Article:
So the big news in media circles, if you care about that sort of thing (and, really, what's more exciting, Danny DeVito drunk on 'The View'? We think not.), is Maurice "Hank" Greenberg's plan to buy the New York Times. This morning's Post reported that the "billionaire insurance titan" has been "buying huge blocks of New York Times stock to break the Sulzberger family's stranglehold on the media empire." This afternoon, CNBC's Charlie Gasparino (yeah, just pretend that you know who he is) advanced the story, claiming
Hank Greenberg is actively engaged in trying to buy the entire New York Times company. [H]e has approached investment bankers and asked them if they would work for him so they could put together some sort of a plan to take over the New York Times company. Now, investment bankers have told him it would be next to impossible, if not impossible, because let's face it, the New York Times has two classes of stock, the family controls the voting stock which makes it difficult for Hank Greenberg to come in there or essentially any investor to come in there and buy the company. But Greenberg is intent on pushing the envelope on this.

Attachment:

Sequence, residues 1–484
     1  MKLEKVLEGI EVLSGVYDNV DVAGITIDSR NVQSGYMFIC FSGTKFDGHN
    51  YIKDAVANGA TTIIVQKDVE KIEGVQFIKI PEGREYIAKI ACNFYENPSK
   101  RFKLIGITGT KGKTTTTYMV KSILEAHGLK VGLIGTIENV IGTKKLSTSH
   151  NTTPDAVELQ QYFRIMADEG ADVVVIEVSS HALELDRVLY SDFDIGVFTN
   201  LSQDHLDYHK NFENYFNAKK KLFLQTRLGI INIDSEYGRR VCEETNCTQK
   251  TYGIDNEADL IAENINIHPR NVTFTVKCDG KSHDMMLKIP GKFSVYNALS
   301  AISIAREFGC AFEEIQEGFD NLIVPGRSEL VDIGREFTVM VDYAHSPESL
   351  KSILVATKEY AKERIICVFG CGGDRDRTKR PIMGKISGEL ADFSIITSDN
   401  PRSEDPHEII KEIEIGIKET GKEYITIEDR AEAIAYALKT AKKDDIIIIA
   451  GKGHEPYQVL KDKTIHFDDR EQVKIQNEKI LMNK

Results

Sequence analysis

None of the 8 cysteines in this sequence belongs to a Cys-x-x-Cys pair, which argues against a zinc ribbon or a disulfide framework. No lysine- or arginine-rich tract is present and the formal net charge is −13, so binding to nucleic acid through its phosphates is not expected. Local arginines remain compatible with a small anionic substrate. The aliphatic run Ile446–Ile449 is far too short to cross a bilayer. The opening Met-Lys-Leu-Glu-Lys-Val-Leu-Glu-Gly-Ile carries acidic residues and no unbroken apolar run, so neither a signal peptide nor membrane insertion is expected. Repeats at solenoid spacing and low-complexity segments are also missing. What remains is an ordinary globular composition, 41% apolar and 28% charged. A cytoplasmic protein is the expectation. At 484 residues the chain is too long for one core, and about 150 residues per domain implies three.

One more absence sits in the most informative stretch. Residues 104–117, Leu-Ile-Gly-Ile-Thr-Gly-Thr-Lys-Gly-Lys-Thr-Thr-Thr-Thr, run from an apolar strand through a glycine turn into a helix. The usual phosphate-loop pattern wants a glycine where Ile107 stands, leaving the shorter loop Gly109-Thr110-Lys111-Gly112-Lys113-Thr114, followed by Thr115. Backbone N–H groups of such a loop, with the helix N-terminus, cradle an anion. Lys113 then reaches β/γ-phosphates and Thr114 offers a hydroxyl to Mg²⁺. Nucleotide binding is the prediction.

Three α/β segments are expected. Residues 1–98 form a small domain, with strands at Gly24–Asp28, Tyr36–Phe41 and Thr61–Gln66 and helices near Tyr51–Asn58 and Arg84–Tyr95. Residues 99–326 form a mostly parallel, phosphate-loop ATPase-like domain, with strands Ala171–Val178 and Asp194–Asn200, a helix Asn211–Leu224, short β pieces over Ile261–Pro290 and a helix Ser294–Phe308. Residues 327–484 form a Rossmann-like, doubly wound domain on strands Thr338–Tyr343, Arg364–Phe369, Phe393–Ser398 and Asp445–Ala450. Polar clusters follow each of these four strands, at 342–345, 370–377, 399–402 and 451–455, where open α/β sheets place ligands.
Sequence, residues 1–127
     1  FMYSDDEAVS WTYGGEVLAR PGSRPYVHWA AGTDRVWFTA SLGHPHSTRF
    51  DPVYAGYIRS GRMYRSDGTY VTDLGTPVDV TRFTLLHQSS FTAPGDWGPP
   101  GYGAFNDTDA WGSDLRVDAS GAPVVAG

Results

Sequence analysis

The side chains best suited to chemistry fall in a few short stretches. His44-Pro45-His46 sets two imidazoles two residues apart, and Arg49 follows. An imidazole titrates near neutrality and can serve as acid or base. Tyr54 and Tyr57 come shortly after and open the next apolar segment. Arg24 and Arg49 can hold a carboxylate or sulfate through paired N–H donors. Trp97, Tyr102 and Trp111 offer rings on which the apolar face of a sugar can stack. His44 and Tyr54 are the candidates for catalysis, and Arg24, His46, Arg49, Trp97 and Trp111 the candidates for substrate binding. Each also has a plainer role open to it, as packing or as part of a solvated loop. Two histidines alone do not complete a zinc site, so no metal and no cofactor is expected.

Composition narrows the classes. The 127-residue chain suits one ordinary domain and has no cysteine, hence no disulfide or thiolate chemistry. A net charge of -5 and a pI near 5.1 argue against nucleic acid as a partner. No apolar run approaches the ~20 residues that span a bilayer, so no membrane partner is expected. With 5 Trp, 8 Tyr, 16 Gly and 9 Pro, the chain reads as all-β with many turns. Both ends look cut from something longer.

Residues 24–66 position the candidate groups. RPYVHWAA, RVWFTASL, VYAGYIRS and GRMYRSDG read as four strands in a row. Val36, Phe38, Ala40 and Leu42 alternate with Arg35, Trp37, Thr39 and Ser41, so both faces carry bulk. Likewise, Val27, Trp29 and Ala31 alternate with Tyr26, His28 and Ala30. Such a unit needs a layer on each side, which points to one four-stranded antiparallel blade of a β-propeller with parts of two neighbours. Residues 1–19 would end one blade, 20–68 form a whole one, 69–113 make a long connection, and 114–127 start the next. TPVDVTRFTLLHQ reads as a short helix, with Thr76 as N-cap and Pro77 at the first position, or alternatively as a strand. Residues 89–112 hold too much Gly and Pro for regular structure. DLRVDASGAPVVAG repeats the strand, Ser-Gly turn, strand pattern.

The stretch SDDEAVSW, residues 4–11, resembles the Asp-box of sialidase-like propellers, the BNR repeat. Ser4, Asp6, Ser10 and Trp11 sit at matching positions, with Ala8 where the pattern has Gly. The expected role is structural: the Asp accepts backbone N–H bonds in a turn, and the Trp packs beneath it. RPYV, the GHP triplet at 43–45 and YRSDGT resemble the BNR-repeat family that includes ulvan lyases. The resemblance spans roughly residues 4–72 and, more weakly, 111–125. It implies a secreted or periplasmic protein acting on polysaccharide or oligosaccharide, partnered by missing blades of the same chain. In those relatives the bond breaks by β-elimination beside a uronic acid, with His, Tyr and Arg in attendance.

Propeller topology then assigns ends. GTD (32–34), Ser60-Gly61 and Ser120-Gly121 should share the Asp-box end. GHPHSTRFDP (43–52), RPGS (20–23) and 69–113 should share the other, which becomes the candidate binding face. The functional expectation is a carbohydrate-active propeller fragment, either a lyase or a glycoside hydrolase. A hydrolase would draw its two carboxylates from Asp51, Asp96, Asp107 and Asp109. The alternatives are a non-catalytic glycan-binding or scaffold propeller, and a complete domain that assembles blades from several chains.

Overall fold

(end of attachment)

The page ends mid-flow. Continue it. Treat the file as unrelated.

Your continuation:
Gasparino goes on to speculate about Greenberg's motives: First, Greenberg believes the company is undervalued, and he wants to get his hands on it before fellow billionaire Jack Welch does. Second, the Times was sort of a dick to him when Attorney General Eliot Spitzer brought the criminal charges (later dismissed, although civil charges are still pending) against him that resulted in his ouster from AIG. Third, the pussy. (Okay, Gasparino didn't say that, but it's implied.) In any event, Gasparino makes the point that while newspapers may be dying, they're still relatively profitable. Even the Times, which, while occasionally maddening, remains one of the three best papers in the English-speaking world.
We're rooting for the Sulzbergers on this one: We consider the Times a sacred trust, and we'd hate to see if fall into the hands of some geriatric insurance peddler with a desire for publicity and an axe to grind. If the Times were owned by a collection of investment bankers, would there still be room for experiments in journalism like today's front-pager where a couple of experts in body language were shown tape of the Giants collapse against the Titans last Sunday to analyze what Tom Coughlin was feeling? Not bloody likely. Good luck, Pinchy, or whatever they call you. We're all on your side.